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I need a very simple example of a set of Real numbers ( if there is any ) that is neither closed nor open. And also, a very short and simple explanation of why it is neither closed nor open.
Thank you!!

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Why did you delete your previous question? – Andrés Caicedo Aug 24 '12 at 0:29
Because people keep downvoting without trying to understand what I'm trying to say. – Monkey D. Luffy Aug 24 '12 at 0:31
I was writing a comment with some advise, on the issues you seemed to be having with the notation, which I believe was the source of the difficulties. The question disappeared as I was posting it. Oh, well... – Andrés Caicedo Aug 24 '12 at 0:34
@AndresCaicedo I'm terribly sorry ... I just needed to check that those two sets are "neither open not closed sets" – Monkey D. Luffy Aug 24 '12 at 0:38
@AndresCaicedo I would be happy to receive your advise even now!! – Monkey D. Luffy Aug 24 '12 at 0:39

5 Answers 5

up vote 14 down vote accepted


It is not open because there is no $\epsilon > 0$ such that $(0-\epsilon,0+\epsilon) \subseteq [0,1)$.

It is not closed because $1$ is a limit point of the set which is not contained in it.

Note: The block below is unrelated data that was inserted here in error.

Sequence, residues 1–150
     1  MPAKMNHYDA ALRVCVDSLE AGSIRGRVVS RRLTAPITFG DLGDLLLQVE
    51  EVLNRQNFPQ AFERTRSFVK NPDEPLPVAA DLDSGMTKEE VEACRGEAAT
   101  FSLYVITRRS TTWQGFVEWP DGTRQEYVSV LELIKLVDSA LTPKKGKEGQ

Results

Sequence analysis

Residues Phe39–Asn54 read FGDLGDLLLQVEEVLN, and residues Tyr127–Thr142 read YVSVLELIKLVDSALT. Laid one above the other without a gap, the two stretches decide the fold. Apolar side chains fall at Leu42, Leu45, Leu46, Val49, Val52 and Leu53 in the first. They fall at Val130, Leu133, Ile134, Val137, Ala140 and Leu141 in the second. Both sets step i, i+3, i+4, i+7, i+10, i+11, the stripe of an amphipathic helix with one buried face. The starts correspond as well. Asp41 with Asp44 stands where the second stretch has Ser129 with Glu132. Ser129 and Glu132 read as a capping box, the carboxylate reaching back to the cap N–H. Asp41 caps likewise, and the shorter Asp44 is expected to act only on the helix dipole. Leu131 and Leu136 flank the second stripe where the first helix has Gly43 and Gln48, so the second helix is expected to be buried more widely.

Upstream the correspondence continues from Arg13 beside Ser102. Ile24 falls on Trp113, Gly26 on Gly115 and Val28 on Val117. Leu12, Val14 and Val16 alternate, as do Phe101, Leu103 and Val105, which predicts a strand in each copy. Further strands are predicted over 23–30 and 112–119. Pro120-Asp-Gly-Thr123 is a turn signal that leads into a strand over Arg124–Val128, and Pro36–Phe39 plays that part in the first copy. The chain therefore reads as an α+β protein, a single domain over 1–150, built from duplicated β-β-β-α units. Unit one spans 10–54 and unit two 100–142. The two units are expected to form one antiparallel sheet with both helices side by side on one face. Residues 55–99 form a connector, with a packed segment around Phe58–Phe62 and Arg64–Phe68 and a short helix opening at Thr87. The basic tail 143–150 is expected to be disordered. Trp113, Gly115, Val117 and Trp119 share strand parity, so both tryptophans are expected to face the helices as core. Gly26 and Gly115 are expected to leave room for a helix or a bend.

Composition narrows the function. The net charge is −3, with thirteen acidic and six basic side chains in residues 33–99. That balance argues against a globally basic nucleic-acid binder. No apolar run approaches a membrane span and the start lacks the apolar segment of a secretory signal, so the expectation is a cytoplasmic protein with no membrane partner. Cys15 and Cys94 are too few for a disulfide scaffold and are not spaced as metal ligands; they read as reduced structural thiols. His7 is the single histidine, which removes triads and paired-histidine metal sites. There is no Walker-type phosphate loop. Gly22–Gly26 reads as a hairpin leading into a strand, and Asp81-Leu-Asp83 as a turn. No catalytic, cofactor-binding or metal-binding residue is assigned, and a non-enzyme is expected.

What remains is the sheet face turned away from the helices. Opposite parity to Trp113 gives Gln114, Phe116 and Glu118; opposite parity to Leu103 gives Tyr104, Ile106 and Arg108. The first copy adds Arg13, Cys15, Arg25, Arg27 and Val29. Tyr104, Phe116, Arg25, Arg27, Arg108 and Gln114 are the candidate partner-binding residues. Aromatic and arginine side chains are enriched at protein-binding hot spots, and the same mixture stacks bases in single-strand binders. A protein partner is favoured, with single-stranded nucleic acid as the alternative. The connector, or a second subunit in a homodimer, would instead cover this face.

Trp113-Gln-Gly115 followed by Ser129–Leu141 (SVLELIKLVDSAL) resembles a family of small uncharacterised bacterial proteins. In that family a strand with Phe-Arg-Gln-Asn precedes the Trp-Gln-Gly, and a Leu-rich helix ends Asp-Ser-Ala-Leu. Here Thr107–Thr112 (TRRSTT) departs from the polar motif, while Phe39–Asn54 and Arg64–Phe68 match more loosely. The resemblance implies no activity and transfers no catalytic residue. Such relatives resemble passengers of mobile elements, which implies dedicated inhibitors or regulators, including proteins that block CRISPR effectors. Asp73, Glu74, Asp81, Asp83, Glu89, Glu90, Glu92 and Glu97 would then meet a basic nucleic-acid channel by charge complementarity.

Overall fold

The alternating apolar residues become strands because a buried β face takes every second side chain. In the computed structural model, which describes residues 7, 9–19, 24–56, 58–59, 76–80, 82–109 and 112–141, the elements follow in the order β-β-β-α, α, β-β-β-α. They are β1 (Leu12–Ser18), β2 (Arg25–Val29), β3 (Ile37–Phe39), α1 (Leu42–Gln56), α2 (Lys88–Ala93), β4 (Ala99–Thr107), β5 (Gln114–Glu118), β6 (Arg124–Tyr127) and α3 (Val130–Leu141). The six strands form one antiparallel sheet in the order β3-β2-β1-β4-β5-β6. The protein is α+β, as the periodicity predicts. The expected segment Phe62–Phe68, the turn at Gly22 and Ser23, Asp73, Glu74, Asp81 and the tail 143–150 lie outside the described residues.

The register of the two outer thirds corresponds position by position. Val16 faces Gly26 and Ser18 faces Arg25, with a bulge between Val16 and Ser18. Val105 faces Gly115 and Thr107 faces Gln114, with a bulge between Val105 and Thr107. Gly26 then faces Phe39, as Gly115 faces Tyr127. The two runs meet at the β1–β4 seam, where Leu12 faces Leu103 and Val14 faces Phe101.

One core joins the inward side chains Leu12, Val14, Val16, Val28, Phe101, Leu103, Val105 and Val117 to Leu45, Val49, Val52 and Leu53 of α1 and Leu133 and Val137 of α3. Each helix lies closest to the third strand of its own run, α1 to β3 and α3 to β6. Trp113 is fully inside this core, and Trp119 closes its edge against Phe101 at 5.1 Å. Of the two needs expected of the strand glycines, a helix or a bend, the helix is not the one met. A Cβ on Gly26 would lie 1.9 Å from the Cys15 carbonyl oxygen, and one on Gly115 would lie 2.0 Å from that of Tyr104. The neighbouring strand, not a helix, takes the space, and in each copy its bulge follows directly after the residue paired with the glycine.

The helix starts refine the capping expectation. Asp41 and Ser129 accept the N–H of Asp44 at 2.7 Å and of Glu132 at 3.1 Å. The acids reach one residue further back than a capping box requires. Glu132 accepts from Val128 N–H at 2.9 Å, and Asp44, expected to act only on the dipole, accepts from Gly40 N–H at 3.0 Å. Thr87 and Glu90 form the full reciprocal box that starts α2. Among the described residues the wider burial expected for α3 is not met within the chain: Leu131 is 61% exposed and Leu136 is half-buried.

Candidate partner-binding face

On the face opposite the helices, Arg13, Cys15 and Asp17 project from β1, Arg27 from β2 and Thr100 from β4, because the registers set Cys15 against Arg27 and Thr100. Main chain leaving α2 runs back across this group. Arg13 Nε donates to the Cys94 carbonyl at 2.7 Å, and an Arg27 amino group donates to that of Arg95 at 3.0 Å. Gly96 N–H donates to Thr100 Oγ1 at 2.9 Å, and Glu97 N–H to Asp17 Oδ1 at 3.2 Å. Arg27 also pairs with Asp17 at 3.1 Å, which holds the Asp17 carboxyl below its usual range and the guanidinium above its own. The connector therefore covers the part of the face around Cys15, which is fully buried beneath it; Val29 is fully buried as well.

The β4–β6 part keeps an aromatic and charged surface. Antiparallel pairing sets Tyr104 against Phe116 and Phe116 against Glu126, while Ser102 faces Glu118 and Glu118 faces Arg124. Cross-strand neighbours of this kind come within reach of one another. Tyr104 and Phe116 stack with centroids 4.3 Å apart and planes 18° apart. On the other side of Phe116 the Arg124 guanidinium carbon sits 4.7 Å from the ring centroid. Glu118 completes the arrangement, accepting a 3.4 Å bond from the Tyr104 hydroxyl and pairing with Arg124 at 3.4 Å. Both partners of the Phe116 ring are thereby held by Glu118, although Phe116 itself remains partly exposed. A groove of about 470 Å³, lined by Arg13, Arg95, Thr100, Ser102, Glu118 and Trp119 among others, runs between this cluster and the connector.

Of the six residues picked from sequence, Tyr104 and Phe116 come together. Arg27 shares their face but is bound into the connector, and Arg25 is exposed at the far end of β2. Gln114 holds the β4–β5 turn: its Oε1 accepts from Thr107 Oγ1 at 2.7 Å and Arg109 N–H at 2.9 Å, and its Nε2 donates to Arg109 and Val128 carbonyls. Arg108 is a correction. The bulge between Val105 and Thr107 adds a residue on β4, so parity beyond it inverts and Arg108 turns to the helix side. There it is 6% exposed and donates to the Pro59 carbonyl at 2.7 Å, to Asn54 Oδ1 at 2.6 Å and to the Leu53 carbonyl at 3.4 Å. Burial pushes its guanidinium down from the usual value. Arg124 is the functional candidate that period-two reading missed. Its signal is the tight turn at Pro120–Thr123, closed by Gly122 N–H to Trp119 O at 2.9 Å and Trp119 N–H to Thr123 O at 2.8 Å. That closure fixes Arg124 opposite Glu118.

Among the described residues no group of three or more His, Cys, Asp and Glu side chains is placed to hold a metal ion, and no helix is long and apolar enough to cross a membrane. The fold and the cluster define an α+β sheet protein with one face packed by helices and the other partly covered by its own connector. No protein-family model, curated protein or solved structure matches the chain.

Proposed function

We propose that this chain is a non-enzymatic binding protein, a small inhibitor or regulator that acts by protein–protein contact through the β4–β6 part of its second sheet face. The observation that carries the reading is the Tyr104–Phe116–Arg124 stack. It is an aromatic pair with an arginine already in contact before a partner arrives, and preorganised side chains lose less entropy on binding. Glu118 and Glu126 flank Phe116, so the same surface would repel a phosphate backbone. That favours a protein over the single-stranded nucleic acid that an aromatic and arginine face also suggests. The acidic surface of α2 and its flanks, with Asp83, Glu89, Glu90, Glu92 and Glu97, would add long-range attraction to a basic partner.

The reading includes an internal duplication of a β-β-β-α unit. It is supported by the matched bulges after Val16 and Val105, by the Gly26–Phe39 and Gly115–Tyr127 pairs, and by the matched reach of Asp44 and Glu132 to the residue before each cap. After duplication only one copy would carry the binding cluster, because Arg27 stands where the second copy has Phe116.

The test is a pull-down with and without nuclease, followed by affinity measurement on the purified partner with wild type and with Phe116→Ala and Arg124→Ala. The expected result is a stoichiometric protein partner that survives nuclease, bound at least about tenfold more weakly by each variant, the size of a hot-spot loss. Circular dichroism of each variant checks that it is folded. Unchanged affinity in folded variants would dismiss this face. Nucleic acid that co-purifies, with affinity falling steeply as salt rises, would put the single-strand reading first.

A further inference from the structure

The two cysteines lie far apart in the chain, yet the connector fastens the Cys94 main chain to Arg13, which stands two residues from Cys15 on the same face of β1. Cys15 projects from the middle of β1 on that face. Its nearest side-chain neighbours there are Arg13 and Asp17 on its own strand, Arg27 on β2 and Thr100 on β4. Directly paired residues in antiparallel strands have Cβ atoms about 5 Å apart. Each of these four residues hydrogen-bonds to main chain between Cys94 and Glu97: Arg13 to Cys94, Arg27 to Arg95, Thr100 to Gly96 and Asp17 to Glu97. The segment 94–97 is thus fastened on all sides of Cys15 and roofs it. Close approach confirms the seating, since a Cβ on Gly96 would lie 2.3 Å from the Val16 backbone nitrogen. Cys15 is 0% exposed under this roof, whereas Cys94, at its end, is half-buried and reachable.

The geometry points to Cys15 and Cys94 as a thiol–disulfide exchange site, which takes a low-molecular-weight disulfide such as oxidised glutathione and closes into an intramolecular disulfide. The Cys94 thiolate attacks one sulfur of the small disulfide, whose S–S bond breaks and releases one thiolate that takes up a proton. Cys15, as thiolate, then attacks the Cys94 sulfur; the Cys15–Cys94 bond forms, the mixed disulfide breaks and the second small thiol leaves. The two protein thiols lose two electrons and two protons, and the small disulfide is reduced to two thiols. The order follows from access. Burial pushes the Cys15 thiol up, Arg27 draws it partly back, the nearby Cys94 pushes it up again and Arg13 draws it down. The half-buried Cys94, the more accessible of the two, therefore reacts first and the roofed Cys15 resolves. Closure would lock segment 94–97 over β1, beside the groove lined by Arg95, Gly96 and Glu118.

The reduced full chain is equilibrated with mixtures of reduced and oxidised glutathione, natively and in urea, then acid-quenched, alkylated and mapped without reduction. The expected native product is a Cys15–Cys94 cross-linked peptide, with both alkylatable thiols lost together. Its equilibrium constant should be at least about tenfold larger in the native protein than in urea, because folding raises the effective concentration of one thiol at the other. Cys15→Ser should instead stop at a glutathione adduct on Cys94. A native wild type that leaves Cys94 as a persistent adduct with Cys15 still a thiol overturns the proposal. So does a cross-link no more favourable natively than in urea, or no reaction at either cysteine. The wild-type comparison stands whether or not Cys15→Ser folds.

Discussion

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One last Question, does the set has be connected? for example:- [1,2]U[3,4] ... what can we say about this set? – Monkey D. Luffy Aug 24 '12 at 0:36
@MonkeyD.Luffy A finite union of closed sets is closed, an arbitrary intersection of closed sets is closed. DeMorgan's Law gives you the analogous statements for open sets. – Eugene Shvarts Aug 24 '12 at 0:37
all right ... thanks!! – Monkey D. Luffy Aug 24 '12 at 0:43

For a slightly more exotic example, the rationals, $\mathbb{Q}$.

They are not open because any interval about a rational point $r$, $(r-\epsilon,r+\epsilon)$, contains an irrational point.

They are not closed because every irrational point is the limit of a sequence of rational points. If $s$ is irrational, consider the sequence $\left\{ \dfrac{\lfloor10^n s\rfloor}{10^n} \right\}.$

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Let $A = \{\frac{1}{n} : n \in \mathbb{N}\}$.

$A$ is not closed since $0$ is a limit point of $A$, but $0 \notin A$.

$A$ is not open since every ball around any point contains a point in $\mathbb{R} - A$.

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Take $\mathbb{R}$ with the finite complement topology - that is, the open sets are exactly those with finite complement. Then $[0,1]$ is neither open nor closed. It is not open since $\mathbb{R}\setminus [0,1]=(-\infty,0) \cup (1,\infty)$ is not finite, and it is not closed since its complement, $(-\infty,0) \cup (1,\infty)$, is not open, as just demonstrated.

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The interval $\left ( 0,1 \right )$ as a subset of $\mathbb{R}^{2}$, that is $\left \{ \left ( x,0 \right ) \in \mathbb{R}^{2}: x \in \left ( 0,1 \right )\right \}$ is neither open nor closed because none of its points are interior points and $\left ( 1,0 \right )$ is a limit point not in the set.

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